This is indeed a very interesting question to ask. In order to help you answer this question, I would first of all suggest to focus on the fact that not all students are the same. Each student will have a different background, and each student will have different knowledge levels and skills. Therefore, what might seem basic to some students, might not seem basic at all to somebody else in the same class. It is very dangerous to expect all students to have the same level of ability, given how different students really are.
You might want to point out that it is important to indeed start with the basics when teaching. For example, when teaching to read and write, a teacher would naturally focus on simple language first, to ensure that the students are able to understand the principles behind reading and writing, before challenging themselves further. Therefore, initial teaching of young learners will undoubtedly be fairly basic. However, teaching usually involves a degree of differentiation, which means that teachers aim to teach their students according to their individual ability.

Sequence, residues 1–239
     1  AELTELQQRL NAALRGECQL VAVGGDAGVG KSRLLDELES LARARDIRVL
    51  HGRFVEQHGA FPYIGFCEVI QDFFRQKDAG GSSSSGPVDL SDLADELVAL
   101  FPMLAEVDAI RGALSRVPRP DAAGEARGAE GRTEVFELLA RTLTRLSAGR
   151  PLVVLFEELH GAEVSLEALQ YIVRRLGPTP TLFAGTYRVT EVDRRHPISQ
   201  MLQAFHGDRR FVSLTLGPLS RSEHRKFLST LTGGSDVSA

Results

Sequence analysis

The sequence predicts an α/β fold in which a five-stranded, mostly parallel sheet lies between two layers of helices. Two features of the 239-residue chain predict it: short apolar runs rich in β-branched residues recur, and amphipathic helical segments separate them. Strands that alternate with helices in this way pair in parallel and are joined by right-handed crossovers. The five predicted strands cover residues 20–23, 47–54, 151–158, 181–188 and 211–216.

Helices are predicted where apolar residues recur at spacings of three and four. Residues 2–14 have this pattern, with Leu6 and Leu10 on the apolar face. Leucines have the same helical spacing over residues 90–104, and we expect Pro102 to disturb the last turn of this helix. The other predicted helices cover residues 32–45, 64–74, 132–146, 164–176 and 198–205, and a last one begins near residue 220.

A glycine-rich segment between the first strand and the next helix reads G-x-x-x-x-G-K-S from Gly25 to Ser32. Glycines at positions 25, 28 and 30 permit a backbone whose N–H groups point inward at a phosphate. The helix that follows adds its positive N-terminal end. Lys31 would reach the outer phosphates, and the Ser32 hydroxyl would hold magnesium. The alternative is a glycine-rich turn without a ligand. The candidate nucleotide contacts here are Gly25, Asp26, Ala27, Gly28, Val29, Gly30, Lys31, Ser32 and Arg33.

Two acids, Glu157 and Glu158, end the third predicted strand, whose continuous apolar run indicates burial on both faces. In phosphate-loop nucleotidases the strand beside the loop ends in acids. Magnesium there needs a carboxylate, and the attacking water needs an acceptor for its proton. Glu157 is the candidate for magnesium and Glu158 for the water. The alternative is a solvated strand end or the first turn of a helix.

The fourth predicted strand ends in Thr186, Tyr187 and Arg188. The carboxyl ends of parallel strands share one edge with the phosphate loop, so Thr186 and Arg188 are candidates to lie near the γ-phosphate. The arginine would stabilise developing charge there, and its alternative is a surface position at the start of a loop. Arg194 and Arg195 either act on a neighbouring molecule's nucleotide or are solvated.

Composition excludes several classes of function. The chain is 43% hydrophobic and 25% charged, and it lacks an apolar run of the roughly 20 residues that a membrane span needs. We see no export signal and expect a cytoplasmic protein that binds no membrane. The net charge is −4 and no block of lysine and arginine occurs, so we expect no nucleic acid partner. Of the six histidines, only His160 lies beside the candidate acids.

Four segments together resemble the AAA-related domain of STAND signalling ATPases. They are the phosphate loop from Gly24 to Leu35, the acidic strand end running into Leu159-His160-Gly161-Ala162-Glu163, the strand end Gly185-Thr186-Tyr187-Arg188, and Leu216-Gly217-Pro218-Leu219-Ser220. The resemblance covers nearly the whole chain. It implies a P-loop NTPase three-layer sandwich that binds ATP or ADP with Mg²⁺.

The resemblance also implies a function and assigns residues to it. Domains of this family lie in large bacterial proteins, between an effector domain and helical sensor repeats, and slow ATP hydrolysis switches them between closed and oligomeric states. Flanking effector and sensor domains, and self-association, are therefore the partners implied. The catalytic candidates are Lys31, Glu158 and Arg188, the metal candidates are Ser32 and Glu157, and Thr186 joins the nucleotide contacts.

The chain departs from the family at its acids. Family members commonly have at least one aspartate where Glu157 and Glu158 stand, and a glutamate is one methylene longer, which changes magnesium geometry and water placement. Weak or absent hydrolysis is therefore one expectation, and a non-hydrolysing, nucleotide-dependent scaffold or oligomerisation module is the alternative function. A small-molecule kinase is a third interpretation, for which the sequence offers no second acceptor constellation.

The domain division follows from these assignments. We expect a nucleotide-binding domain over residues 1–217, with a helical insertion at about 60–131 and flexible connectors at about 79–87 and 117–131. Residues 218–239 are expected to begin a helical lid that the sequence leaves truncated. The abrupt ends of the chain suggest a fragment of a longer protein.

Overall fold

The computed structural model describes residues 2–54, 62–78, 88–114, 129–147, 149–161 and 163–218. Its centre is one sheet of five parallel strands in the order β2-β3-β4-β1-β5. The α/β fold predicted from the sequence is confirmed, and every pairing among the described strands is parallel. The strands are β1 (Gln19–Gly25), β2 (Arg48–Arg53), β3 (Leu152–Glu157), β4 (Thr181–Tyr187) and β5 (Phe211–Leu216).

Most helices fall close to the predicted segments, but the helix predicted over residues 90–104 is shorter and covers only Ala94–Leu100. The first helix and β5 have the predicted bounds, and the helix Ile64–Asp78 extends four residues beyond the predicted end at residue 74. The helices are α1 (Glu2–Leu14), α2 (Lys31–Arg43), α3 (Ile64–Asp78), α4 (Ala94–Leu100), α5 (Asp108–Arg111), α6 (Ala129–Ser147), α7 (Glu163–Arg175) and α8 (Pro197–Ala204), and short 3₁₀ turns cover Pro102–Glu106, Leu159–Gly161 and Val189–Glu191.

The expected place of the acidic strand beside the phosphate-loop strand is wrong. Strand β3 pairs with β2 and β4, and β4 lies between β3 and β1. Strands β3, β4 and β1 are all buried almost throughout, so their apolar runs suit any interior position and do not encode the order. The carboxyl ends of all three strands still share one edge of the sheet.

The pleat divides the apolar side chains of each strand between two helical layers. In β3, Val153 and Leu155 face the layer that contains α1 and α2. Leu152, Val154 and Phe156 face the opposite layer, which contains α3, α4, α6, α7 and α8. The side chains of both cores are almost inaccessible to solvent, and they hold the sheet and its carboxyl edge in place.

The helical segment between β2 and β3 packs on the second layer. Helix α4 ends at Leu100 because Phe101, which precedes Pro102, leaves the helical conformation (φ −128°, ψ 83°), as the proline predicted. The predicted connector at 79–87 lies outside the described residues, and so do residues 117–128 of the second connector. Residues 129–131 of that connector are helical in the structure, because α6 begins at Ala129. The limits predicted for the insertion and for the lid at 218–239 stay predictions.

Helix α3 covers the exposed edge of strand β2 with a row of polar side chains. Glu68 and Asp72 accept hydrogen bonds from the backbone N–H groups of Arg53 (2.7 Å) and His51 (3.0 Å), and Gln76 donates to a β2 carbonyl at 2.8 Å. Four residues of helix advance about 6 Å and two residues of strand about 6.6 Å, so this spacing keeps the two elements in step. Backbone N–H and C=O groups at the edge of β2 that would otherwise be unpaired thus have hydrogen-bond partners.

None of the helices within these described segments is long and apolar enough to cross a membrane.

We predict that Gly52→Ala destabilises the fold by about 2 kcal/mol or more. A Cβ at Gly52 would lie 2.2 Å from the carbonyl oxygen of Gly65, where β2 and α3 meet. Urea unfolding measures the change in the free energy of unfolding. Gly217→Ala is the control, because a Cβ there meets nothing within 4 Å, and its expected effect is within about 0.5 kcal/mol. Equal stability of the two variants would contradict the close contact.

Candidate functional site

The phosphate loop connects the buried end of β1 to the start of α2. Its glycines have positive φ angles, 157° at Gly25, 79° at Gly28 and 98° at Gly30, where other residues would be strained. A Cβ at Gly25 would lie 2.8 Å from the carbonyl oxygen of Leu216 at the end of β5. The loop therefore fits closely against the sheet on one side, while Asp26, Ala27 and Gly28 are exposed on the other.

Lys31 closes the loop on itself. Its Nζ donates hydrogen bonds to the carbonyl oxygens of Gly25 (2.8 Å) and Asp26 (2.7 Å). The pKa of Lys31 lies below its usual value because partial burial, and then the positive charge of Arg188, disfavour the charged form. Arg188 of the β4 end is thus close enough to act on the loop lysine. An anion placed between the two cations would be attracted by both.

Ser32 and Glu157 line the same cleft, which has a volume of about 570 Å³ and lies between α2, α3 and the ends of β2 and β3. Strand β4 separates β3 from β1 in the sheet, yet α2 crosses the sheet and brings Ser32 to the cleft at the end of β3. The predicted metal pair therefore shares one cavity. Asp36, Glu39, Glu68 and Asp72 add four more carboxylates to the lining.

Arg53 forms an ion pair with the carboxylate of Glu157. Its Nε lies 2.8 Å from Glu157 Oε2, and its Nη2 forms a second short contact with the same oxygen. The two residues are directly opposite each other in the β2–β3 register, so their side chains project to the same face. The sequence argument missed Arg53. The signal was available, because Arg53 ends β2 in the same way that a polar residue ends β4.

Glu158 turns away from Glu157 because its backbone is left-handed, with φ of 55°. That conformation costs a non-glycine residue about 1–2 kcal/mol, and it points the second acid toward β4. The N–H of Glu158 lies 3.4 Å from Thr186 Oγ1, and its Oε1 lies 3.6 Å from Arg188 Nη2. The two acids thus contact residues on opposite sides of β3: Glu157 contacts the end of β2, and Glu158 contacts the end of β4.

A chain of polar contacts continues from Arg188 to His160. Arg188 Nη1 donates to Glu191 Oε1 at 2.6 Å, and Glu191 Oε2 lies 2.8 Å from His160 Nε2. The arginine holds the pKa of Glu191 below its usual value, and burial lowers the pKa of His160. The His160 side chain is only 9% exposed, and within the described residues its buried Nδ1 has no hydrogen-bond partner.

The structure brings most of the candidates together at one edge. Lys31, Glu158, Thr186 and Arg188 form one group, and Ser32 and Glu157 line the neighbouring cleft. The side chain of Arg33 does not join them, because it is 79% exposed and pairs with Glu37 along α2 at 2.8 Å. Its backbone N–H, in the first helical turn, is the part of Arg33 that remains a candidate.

As I explained above, the same task might be easy for some students but difficult for others. Therefore, a good teacher will support the students who are in need of more help by focusing on more basic and simple language or topics. At the same time, a good teacher would then try to stretch the more able students by providing them with extra activities, which will be more advanced in terms of topics or language. It would be wrong to hold more able students back, just to keep everybody working on the same level. Differentiated activities, which target a variety of ability levels, will allow students to develop their skills and knowledge at their own pace.
With this explanation, it is logical to conclude that the statement in the above question is a myth.